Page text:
It is often said that the pity about Locarno - and the nearby lakeside town of Ascona - is that, because of the large influx of sun-starved visitors, there's more German than Italian spoken here. Locals like to claim signs saying 'We even speak Italian here' are becoming increasingly common. But, the people seem to have found a way to happily live side-by-side with the foreign contingent.
"The people are very cordial, but individualistic," Gian Carlo Bertelli, director of the Theatre of Locarno, tells me as we sit on a bench just a stone's throw away from the Piazza Grande. "Many live a life far removed from the crowds of visitors, and in the past they have happily ignored even the queerest of visitors to the area."
One such group of eccentrics were those that stayed on the Monte Verità, perched on the hill above Ascona, just three kilometres from Locarno. In the 1920's and 1930's, it was home to an esoteric, vegetarian colony. The handful of buildings provided refuge for the Dadaists, among others, and it was where artists famously practiced nudism for a fashion. The main building, a prime example of Bauhaus architecture, has been turned into a conference centre, but the nearby Casa Anatta, has been preserved as a museum.
It's no coincidence that Monte Verità was established here; Locarno has and continues to be a magnet for all things cultural. The 'Settimane Musicali di Ascona' brings together young musicians from around the world for a fortnight, at the end of which a range of concerts is put on. The city of Locarno theatre boasts the same programmes as those performed in Rome and Milan, plus there's a vast array of festivals covering everything from Funk to New Orleans Jazz.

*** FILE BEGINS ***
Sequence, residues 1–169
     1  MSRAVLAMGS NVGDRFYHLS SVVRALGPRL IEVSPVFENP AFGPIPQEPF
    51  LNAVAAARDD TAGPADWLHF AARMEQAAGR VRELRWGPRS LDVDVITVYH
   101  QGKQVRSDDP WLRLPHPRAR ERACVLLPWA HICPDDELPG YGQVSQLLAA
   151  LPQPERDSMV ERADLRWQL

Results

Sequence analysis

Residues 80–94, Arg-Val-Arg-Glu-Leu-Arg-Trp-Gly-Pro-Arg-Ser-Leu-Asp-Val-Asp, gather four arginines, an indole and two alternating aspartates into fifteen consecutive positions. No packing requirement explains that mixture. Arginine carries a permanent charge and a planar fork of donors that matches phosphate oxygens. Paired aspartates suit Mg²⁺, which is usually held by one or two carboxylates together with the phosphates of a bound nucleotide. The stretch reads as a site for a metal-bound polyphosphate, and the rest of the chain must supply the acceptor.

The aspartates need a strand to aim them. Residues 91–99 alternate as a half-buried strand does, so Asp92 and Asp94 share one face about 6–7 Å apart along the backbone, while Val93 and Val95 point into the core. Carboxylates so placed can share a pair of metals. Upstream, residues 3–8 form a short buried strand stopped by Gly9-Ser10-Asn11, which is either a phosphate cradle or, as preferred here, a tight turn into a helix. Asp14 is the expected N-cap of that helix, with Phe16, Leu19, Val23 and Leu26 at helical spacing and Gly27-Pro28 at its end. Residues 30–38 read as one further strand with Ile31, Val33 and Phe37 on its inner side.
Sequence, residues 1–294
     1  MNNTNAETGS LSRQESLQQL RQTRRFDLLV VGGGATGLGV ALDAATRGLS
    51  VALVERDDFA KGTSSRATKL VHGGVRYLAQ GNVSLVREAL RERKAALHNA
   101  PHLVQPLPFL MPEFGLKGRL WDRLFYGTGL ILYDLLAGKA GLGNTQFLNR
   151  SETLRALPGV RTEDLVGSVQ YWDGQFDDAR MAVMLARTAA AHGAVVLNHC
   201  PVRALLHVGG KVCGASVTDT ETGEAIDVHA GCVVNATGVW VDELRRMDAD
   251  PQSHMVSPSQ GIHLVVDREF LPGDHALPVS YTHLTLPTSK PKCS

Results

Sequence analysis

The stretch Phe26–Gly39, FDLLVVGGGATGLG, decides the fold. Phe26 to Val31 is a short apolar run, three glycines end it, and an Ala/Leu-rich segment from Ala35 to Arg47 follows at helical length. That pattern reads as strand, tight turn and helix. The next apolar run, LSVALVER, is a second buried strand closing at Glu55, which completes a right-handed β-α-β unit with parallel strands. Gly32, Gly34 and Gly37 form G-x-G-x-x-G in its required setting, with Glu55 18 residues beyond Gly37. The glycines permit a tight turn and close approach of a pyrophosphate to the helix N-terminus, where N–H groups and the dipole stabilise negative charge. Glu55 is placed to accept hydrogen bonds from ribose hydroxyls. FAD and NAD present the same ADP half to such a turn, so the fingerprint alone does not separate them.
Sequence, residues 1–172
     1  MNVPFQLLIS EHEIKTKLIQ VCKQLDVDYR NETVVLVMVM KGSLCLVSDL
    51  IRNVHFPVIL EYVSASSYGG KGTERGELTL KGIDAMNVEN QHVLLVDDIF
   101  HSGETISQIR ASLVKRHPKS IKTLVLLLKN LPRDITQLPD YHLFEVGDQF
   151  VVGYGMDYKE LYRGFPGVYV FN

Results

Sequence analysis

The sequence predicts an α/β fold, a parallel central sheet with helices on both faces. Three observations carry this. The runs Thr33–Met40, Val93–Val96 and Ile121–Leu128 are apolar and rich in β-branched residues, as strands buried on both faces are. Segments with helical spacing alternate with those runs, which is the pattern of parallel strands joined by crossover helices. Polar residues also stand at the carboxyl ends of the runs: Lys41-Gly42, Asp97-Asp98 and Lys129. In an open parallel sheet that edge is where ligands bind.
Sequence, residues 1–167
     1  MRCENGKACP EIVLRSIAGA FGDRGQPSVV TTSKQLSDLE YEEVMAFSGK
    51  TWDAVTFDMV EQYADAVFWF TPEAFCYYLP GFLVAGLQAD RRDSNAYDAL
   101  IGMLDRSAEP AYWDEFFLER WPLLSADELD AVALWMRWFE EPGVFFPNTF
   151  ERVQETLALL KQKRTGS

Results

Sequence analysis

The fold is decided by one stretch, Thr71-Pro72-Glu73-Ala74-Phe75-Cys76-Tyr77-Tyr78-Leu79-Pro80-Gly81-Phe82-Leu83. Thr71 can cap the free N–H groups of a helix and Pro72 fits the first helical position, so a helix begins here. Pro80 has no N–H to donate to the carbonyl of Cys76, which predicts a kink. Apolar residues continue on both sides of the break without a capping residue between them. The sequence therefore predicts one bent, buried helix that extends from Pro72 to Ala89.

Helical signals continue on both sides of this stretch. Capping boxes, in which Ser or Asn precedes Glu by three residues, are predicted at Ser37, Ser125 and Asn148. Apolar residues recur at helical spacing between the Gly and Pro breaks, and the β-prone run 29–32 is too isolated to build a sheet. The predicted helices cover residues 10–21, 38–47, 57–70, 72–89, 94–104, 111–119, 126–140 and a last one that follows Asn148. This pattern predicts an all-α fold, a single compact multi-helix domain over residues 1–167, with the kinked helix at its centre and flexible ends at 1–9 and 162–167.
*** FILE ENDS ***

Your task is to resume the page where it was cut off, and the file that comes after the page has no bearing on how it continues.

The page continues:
Gianni insists we visit the striking ochre-coloured Madonna del Sasso sanctuary. I find the 15th century church is well worth the 20-minute climb up through the Torrente Ramogno (we choose not to take the cable car).
From the main entrance, the view over Lago Maggiore and the Brissago Islands is spectacular. Inside, the church's walls are rife with 'quadri ex voto', paintings of car accidents, for instance, commissioned by people who believe their prayers to the Virgin Mary were answered (she is said to have appeared here 500 years ago, prompting the sanctuary to be built).
The sanctuary's complex is now partially inhabited by Capucine monks, or Frati Cappuccini. As we stepped out into the blinding afternoon sunlight, Gianni explained to me how the drink 'cappuccino' came to have its name. "You see, the monks wear a brown robe and hood, and often have white beards. That combination is similar to the brown of the coffee and the white of the milk..."
True or not, I'll be taking a closer look inside my cup the next time I order a cappuccino. And, of course, I know how to order a Merlot when I next visit a grotto in the Locarnese - mixed with the bubbles of a chilled 'gazzosa'.
by Juliet Linley
This article was automatically imported from our old content management system. If you see any display errors, please let us know: email@example.com